Sunday Paper

Reihan Salam writes about ways to save the Republican Party from self-destruction.

What defenders of the Republican status quo fail to realize is that unless the party speaks to the interests of working-class voters, they won’t just face slightly higher capital gains taxes or more wasteful spending under a Hillary Clinton administration. They will face a backlash from within that threatens to profoundly damage a party that, at its best, is a champion of the core social and economic institutions that made America great in the first place.
- Reihan Salim writing for Slate.

The Republican party is finished.

Trump is fundamentally not conservative. Trump represents an active disdain toward limited government and individual rights, toward the rule of law, and toward an aspirational view of the United States. Trump’s implicit—and often explicit—appeals to white nationalism, and his attacks on non-whites, reject an America defined by a shared love of liberty and belief in the power of the individual and community. In its place, Trumpism substitutes a respect for “white” culture and history, where whites have given light to a world in perpetual darkness. Institutions are not to be trusted because they are rigged against whites. Instead, Trump—the champion of disaffected whites—should be trusted, and he should be trusted with extraordinary powers to make this country great again.
- The Party After Trump

Sometimes I get into a state of despair regarding my photography. I want to get that great shot so I pull out PhotoPills and The Photographer's Ephemeris and I plan and plan. Hours spent planning.

Most of this seems extremely counterintuitive. But as you get more experience with photography, you’ll start to understand. Sometimes you just have to get somewhere and wait – and wait – and wait. If you move too early or if you simply chase the next great thing, the fantastic stuff probably will happen in the place you just left.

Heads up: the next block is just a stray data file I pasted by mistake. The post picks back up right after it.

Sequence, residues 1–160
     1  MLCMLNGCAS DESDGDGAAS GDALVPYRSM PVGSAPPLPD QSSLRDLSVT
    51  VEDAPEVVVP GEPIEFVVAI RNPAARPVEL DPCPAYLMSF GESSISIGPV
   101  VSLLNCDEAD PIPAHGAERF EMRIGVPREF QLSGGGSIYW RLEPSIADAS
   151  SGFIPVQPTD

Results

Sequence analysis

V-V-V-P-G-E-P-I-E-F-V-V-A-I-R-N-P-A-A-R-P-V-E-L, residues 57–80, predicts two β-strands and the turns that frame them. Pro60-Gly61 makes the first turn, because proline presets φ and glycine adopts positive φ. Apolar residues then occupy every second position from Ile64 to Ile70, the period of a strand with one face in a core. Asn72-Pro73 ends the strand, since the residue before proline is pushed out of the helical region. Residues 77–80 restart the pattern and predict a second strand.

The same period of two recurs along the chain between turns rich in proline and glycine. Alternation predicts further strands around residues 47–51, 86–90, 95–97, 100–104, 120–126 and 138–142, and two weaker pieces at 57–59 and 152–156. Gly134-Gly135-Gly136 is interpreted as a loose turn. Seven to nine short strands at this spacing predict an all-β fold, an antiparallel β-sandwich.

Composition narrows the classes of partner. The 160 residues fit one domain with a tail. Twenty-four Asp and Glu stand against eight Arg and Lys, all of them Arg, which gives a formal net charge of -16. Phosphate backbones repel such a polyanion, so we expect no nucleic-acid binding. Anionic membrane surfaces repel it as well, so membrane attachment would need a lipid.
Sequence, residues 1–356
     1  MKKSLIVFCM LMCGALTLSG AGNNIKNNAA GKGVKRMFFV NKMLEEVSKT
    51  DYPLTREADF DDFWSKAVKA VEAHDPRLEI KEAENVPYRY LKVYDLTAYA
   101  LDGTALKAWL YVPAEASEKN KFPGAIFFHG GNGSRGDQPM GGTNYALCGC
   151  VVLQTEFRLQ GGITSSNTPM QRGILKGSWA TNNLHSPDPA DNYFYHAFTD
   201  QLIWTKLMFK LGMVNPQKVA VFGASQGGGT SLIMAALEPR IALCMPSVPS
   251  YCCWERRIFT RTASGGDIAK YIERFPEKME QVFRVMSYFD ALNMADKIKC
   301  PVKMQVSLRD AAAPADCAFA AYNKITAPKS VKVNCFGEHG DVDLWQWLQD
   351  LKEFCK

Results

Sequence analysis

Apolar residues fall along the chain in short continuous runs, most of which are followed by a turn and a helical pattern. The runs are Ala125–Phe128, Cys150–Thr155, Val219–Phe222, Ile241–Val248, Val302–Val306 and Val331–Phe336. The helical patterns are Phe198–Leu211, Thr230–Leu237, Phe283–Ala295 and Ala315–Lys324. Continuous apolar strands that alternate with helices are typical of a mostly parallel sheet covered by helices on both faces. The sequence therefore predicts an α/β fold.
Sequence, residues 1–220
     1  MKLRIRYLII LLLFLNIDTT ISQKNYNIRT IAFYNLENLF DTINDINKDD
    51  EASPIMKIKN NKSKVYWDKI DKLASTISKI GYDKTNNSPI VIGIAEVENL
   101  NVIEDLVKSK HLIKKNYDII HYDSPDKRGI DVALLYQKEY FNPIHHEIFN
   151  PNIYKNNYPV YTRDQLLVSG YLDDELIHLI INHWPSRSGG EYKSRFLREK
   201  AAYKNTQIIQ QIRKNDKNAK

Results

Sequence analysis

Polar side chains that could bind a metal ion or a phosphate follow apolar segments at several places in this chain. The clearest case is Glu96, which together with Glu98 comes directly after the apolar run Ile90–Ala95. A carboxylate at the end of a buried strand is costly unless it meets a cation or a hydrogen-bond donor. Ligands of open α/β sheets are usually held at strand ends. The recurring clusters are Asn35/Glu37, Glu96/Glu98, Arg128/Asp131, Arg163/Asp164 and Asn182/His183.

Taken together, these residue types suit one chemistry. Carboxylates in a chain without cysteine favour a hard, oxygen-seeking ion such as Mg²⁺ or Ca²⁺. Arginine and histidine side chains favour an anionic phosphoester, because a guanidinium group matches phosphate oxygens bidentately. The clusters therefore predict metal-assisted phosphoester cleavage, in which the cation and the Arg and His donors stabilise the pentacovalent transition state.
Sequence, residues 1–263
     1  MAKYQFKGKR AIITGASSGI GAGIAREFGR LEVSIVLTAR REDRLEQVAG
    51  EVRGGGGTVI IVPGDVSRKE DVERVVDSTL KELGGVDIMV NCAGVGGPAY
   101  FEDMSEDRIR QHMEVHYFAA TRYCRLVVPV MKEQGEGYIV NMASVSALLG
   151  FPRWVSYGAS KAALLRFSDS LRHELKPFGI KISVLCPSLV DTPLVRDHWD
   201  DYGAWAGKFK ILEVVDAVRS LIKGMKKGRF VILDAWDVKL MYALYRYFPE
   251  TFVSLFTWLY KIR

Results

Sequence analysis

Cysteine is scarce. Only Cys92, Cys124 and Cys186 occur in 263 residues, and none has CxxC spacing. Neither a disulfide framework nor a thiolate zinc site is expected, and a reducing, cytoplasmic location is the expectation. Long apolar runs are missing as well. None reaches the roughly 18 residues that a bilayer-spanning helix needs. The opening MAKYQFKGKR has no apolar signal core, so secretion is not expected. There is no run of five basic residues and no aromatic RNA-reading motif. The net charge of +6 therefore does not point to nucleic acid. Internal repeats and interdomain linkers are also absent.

- Scott Borne

Do you sometimes suffer from Imposter Syndrome?

... the anxiety kicks in. It’s bubbling away as I try to elaborate more. All the gremlins come out and question the thoughts I’ve put down. My mind is racing, body tensing up, foot incessantly tapping away; I feel like everything is crowding round me as I’m simply trying to write things down.

I get to that point where I just think “Sod it! Delete everything. It’s not worth it.”

Here’s the hard part. Don’t! Keep going. Continue writing, editing, refining. Sleep on it.
- Beating Imposter Syndrome – Si Jobling

Geek Mental Health

Here’s why I work in an office: when I’m around other people — it doesn’t matter who they are — I feel a constant low-simmering level of anxiety. And I find it extremely difficult to be productive when I feel any level of anxiety at all.
- Source: inessential: Open Floor Plans

Me too. I don't have an office.

In the 1990s I worked in an office with an open floor plan. No walls. Shared desk space. Glass conference rooms. I quit after 11 months. I did not have another job lined.

Is hate a learned behavior?

Part of the answer lies in the fact that we think of ourselves in a specific way. If we cannot reach a consensus, then the other side, which is in some way different from us, must necessarily be uncooperative for our assumptions about our own qualities to hold true.